The history of the Central Coast Handweavers, Spinners and Textile Arts Guild

A potted history of the Central Coast Handweavers, Spinners & Textile Arts Guild Inc.

In 1971 a handful of craft workers got together to spin the yarn – and in every sense – weave the fabric of our Guild. Joan Matthews, Arthur Forsberg, Maisie Taylor and a few others were the prime movers and held meetings alternately in their own homes. Their enthusiasm drew interest and numbers increased so more space was needed for their meetings and exhibitions of work. Contributions and members’ fees soon provided rent for a venue but finding these premises was a problem. A room at the local school was available but on the eve of occupation – disaster! The school burnt down. Luckily a bank in Gosford provided space required at that time for the planned exhibition which was a considerable success.

By the late eighties the “group” was a “crowd’ and had an impressive bank balance of $16,500 and actively were looking for premises of their own where the looms, wheels and equipment could be safely stored. Gosford Council became seriously interested in establishing a Cultural Centre in the Caroline Bay area but had no funds to financially assist the Guild. Camelia Rogers from Spinners and Margaret Hardy from the Art Group argued our claims vigorously at various Council meetings and were heard sympathetically but there was little practical help available. Finally permission from the Council was given for the Guild to lease a block of land next to the Potters with great help from two Council members involved in the development of the cultural centre, Anne Martin and Sid Trigg.

Hard work and dedication from Guild members raised money to obtain a building. With Camelia Rogers shouldering the burden of organising labour and working bees and her husband, Roy, handling the building side.

Members engaged in many fund raising activities, raffles, stalls, and a ‘favourite recipes book’ to sell to all and sundry.   The members   were about to purchase a small prefab cabin about garage size with facilities, when our Council friends offered us a derelict four room cottage on Council land that was due to be demolished.   We could have it if we arranged to remove it to our site, deal with the asbestos sheathing, reclad and reroof it, rehabilitate and install plumbing and electricity to Council’s satisfaction. No hesitation – Yes!

After a frustrating delay caused by unusual rains which made the ground too soggy for manipulation of the weight, the building was relocated in the dead of night to avoid traffic problems – and all hands were on deck, inside, outside and surrounding. As many male assistants as could be coerced were “volunteered”. In April 1990 internal work on our Cottage began in earnest. The neglected Cottage was scrubbed, sanded, painted and was made inhabitable. Donations soon made the house workable – refrigerator, range, cooking gear, cutlery, crockery and floorcovering. The sewer was connected and the new roof was installed and our Official Opening was held.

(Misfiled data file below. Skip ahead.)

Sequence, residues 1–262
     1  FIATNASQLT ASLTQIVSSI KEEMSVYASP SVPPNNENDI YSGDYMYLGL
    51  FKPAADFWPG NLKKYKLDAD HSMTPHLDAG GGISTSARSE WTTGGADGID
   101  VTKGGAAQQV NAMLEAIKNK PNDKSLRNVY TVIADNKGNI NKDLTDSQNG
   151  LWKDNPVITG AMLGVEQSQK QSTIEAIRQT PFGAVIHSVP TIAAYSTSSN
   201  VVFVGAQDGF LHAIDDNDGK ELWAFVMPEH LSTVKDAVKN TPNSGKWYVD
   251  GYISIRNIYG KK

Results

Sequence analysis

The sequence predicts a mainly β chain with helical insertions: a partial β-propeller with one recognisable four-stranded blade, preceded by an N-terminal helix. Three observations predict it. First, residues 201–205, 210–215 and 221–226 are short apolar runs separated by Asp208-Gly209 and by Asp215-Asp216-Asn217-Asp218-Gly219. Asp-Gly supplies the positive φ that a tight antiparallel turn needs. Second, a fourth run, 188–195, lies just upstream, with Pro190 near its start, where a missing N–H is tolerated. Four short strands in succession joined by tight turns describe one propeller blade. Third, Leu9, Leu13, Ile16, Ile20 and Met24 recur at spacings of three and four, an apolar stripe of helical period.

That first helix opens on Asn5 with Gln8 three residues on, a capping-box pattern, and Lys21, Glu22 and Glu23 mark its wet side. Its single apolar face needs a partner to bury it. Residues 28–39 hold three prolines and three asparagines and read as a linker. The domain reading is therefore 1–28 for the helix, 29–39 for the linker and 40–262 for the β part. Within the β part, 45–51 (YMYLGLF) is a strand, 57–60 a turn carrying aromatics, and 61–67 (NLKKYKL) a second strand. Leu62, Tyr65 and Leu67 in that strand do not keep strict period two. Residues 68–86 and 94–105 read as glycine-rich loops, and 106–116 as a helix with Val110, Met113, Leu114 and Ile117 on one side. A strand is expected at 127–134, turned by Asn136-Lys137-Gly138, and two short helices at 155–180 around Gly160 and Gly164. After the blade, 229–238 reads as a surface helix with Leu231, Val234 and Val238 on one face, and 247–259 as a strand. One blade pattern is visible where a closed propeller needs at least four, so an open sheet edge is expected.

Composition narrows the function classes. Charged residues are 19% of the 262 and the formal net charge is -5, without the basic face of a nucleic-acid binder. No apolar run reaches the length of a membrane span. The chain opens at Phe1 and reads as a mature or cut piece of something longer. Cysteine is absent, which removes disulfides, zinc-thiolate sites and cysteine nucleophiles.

In the intervening years many members have come in and out of the door – many are now too frail to get here, have moved away or have passed on and the current members are extremely grateful to all those who have left a little of themselves within the Cottage so that we can join together and enjoy our craft, care and share, laugh and commiserate with each other.

We have taken the lead from the original members and those who followed, we have continued involvement with the local community from the Gosford Show, many school demonstrations, markets and our own exhibitions.

As with every other aspect of life, fashions in crafts wax and wane. Just now we have only a few weavers, although spinning is still popular. Knitting and crocheting are coming back into popularity but to ensure our membership is continuing to thrive we have expanded to include patchworking, felting, and textile art, even some embroidery and beading. We have varying workshops too. Recent workshops were held for felted landscapes;   Japanese meshwork; screen printing; cloche hat making; fleece dyeing; spinning and textile art pictures.   So this is why the title of the Guild now includes “Textile Arts”.   There are still folk who enjoy the traditional craft and some who do contemporary designs so our journey into the future looks very interesting.

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